At Hope Equine Rescue Group, as many as 40 neglected horses are taken in and cared for each year, and eventually placed in good homes.
President Dani Horton says the group, which she founded about four years ago, runs on donations and volunteer efforts. Sharing and gathering information from other rescue groups is a great way to make the most of the resources they have, she says. Horton and other members recently benefited from a gathering in Orlando of horse rescue groups from around the nation.
The Homes for Horses Coalition Conference was held September 21 – 23 in Lake Buena Vista. Participants met to share information, participate in training sessions, and exchange tips on how to make the most of efforts to save unwanted horses. There were workshops on fundraising and grants, effective digital presence, working with law enforcement, engaging trainers, and getting horses adopted.
The Homes for Horses Coalition is a national coalition dedicated to increasing collaboration, professionalism, and growth in the equine rescue and protection community. Members are “committed to ending horse slaughter and all other forms of equine abuse,” according to its website. The coalition is a joint initiative of the Animal Welfare Institute, the ASPCA and the Humane Society of the United States. They have more than 440 members, who represent horse rescue and sanctuary throughout and outside of the U.S.
At the weekend conference, participants gained new skills and polished existing ones as they learned how to transform the horses — who often arrive in an abused and/or neglected state — into contented animals able to trust.
Conference participants learned how to best work with neglected horses and ease them into them being adoptable. Horton says most of the horses that come to her Winter Haven-based Rescue are law enforcement seizures. Some are owner surrenders. Workers assess the horses and strive to improve any social problems and build trust.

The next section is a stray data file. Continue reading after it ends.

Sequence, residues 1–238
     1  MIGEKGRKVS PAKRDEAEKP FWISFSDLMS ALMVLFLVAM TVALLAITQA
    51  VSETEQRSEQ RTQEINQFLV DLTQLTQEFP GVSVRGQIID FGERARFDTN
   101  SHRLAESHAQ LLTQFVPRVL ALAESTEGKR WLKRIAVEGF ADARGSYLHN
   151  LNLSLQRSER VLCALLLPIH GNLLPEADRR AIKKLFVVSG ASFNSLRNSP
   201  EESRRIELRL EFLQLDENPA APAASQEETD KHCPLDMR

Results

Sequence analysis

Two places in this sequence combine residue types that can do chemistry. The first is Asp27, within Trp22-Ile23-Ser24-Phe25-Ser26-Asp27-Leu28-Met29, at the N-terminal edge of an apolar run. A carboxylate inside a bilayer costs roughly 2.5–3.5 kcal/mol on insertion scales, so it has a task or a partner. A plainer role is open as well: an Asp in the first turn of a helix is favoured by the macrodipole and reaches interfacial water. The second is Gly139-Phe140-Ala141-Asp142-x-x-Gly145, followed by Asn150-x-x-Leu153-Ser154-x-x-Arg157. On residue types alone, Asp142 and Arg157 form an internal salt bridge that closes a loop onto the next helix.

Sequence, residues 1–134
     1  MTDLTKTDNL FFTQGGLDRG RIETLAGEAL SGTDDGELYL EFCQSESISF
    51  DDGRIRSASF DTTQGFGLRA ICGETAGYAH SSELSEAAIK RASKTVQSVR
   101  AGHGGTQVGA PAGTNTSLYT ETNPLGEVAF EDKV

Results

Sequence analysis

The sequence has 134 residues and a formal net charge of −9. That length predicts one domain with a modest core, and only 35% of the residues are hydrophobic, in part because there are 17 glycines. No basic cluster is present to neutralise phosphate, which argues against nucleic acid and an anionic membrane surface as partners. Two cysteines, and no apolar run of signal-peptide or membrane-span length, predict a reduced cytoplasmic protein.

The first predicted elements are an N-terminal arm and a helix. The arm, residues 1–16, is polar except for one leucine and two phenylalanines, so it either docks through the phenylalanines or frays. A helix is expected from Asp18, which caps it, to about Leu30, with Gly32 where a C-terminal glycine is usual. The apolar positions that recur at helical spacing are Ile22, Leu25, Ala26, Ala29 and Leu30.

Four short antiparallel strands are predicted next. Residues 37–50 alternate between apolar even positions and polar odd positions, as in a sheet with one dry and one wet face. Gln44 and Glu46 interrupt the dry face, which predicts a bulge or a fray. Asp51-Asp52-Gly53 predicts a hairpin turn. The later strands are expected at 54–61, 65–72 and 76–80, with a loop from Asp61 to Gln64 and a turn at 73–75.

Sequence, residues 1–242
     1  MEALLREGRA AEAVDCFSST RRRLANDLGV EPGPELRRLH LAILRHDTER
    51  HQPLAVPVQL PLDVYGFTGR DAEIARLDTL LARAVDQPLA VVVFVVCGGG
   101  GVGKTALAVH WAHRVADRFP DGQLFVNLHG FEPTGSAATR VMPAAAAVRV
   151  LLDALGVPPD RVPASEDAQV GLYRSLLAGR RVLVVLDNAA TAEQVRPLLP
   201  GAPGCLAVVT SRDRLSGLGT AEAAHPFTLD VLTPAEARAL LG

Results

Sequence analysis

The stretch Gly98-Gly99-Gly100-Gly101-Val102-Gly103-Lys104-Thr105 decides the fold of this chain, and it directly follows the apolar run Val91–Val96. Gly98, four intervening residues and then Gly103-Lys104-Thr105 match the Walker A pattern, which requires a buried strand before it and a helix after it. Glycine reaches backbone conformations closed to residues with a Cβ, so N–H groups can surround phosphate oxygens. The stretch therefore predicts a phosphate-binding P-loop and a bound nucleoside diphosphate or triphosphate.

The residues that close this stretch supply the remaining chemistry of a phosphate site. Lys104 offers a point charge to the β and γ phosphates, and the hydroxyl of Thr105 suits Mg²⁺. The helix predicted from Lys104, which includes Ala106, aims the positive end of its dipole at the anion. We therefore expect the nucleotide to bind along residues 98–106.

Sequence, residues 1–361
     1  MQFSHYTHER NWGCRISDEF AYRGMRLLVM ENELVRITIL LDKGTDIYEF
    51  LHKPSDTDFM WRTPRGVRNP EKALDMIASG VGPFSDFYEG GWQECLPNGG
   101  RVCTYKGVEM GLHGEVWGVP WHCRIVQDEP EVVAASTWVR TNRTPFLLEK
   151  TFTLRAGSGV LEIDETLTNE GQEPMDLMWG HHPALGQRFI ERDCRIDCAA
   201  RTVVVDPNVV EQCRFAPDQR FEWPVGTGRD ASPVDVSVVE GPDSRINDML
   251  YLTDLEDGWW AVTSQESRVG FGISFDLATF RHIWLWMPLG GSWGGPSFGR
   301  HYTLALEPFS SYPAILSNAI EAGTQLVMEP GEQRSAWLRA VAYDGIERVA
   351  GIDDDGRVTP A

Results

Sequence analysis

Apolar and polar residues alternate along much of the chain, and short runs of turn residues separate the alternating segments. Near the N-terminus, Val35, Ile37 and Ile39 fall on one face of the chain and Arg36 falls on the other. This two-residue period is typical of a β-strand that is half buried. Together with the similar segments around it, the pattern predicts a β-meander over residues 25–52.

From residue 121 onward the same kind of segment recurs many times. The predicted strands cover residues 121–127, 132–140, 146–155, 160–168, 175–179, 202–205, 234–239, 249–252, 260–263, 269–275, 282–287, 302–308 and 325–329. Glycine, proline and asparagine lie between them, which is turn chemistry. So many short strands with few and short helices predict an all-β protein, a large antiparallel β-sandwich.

There’s nothing easy about dealing with a problematic, large rescue animal, she says. “There are certain basic skills we want all of our horses to have,” she says. “It’s not cute when a 1,200-pound horse is a problem. It can be very dangerous, as well.” Volunteers work to ensure that the horses are gentle, and safe, before adopting them out to a suitable home. “We try to make sure they don’t have any aggression issues, etcetera,” she says. “We want them to go to good homes, and be great horses in their new environment.”
Potential adoptive owners are screened, and also run through some training.
In addition to a $200 adoption fee, the rescue group also maintains a “hold” contract on horses they place. That means that if the new owners later are unable to care for the horse, ownership reverts back to the rescue. “It gives them (the new owners) a kind of a safety net,” she says. Horses are also microchipped.
While the cost of adopting is far less than the cost of buying one on the market, it’s still expensive to own a horse. According to a survey conducted by the University of Maine, the average annual cost of horse ownership is $3,876 per horse, while the median cost is $2,419. That amounts to an average monthly expense of anywhere from $200 to $325. The expenses come from hay and brain, pasture maintenance, veterinary and medicinal care, farrier costs, bedding, building maintenance, and training. Costs can vary considerably.
The expenses involved with owning a horse are often a primary factor in why the animals wind up in rescue. “There is really an overall lack of education,” Horton says. “Often, they do not understand how much it costs. The costs involved is a huge factor. Not to mention, the amount of time and the amount of responsibility it requires to care for a horse.” Whatever the cause of the animals winding up in rescue, the horses are often sad cases when they get there.”When they come here, they may be anywhere from 200 to 300 pounds underweight,” Horton says. With loving care, veterinary attention, good meals, and time, they can have a new lease on life.
These efforts, of course, depend on help from the community. “We are always looking for donations,” she says. “ We need volunteers, we need saddles, bridles, etcetera — we also need for people to share about us, by word-of-mouth.” And of course, they need people who would like to give a nice horse a good home.
by MARY TOOTHMAN